U.S. Rep. Ray LaHood, R-Peoria, visited Quincy Wednesday in what he described as his farewell tour and Aaron Schock's welcome tour.
During part of his comments on behalf of Schock, LaHood complimented the 27-year-old's strategy of producing campaign advertisements that promote Schock's political views and goals rather than taking a swipe at Democratic candidate Colleen Callahan. LaHood said negative campaign advertisements poison the political environment.
"At one time Congress was a place you could really get things done. You could get it done in a bipartisan way … through the art of compromise where no one person got it all their own way. Right now it's all this upmanship. 'How do we criticize the other party.' To be honest with you Congress is dysfunctional," LaHood said.
LaHood has the resume to make comparisons about the relative level of political discourse. He spent 14 years in Congress. Before that he spent 12 years as U.S. Rep. Bob Michel's chief of staff. He spent 5.5 years as an assistant for U.S. Rep. Tom Railsback. So with 30 years of experience, LaHood has a legitimate frame of reference for his comments.
"I believe that whoever is sworn in on Jan. 20, whether it's Sen. McCain or Sen. Obama, has an opportunity to say 'we have to work together. This is what the American people want,''" LaHood said.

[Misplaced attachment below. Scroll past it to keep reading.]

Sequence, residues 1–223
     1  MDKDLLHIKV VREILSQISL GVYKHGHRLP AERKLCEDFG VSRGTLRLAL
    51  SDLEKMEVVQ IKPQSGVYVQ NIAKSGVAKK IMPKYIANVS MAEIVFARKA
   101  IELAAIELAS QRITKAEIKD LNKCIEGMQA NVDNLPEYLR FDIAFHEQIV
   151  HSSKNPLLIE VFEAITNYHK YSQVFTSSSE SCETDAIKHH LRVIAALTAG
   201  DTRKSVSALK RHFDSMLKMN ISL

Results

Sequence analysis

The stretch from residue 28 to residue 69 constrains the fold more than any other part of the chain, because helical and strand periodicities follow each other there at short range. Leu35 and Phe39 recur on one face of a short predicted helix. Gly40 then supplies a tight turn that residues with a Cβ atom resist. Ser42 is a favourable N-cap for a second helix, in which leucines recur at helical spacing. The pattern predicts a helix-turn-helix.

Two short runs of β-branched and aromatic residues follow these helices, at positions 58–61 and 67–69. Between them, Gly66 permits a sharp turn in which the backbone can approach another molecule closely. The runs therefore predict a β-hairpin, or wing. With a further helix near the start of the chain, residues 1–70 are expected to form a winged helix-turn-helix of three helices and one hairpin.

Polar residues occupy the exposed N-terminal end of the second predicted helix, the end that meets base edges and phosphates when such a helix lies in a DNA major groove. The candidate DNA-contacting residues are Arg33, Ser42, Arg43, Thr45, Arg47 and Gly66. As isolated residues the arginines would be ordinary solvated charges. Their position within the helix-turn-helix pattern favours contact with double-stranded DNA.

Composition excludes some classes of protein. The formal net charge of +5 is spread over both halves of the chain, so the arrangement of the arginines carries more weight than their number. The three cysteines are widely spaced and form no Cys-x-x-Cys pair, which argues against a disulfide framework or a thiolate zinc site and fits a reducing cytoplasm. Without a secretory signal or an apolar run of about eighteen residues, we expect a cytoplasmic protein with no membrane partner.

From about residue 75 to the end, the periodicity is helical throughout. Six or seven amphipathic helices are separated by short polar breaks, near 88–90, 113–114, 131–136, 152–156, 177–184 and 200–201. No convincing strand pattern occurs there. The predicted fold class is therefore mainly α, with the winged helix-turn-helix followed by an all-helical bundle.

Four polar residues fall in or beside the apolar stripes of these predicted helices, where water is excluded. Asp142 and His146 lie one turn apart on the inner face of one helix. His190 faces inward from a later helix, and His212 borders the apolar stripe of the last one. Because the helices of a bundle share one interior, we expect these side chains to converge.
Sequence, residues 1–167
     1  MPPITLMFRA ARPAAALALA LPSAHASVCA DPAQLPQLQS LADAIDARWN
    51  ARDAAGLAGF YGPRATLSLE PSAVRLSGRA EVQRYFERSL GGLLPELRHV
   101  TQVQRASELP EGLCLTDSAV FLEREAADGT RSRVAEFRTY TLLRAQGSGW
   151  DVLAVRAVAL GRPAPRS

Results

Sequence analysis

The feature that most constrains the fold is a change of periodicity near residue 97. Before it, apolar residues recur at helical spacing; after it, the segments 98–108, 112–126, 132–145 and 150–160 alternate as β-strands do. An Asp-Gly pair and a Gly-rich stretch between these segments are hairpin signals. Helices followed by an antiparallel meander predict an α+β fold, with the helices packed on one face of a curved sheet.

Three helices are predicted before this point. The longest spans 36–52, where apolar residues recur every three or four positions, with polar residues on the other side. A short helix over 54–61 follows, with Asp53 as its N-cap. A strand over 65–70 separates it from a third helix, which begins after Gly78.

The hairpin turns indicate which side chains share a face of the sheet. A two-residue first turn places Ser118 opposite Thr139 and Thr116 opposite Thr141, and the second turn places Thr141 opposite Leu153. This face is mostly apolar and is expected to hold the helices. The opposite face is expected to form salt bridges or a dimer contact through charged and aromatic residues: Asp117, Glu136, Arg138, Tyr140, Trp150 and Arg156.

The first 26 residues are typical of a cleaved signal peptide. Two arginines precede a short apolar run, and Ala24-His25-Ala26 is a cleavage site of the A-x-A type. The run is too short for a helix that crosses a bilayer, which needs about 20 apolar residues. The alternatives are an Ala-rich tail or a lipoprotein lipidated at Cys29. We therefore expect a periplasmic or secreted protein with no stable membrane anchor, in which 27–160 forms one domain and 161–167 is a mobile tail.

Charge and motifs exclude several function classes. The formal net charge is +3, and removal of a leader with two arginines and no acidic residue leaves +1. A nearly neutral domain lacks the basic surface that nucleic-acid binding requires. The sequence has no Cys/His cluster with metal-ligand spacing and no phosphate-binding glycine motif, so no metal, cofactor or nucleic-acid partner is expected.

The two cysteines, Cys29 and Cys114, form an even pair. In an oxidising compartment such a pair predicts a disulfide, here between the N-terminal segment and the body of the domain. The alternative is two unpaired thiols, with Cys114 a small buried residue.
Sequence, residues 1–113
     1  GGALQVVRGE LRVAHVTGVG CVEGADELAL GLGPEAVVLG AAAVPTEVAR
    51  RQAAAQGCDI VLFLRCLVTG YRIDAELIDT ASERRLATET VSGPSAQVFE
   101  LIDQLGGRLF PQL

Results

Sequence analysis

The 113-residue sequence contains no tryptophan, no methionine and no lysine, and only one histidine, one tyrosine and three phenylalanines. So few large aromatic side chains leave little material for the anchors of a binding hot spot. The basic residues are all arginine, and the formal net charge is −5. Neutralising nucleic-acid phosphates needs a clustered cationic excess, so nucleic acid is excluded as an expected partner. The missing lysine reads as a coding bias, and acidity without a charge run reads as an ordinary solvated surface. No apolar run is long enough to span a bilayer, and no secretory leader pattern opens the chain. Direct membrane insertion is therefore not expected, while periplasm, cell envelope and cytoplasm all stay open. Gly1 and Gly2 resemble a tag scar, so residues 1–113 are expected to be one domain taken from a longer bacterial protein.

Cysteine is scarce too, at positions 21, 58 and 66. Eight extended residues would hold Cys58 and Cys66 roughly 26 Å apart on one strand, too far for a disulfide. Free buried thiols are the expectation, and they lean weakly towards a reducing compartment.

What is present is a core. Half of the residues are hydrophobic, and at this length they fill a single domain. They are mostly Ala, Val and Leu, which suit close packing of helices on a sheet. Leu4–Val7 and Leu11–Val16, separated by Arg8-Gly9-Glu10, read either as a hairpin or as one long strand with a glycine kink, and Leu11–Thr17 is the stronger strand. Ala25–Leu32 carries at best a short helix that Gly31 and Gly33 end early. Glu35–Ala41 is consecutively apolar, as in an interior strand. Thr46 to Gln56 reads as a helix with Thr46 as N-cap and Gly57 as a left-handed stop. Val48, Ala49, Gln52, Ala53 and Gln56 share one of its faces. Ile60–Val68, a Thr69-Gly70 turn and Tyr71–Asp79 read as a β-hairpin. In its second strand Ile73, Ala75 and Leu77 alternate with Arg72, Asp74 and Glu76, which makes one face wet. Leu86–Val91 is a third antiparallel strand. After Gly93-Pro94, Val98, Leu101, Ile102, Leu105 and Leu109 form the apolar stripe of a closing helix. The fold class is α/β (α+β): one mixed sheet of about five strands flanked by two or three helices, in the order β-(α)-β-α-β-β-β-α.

"So you'll have a new Congress and you'll have new faces in Congress, including Aaron Schock. And you'll have a new president and they're going to have to work together to solve our economic problems, our energy problems, our immigration problems, our health care problems. These are big issues. They're complicated issues. They'll only be solved by compromising. The only way we ever get anything done is by compromise, by people working together and coming together, setting aside their egos, setting aside their agendas, setting aside their partisanship to the benefit of the American people."
LaHood went on to say that people who serve on church boards, school boards and library boards in local communities understand that there may be differences on issues. But he said they come together for the common good. Those same community servants wonder why Congress can't do the same thing.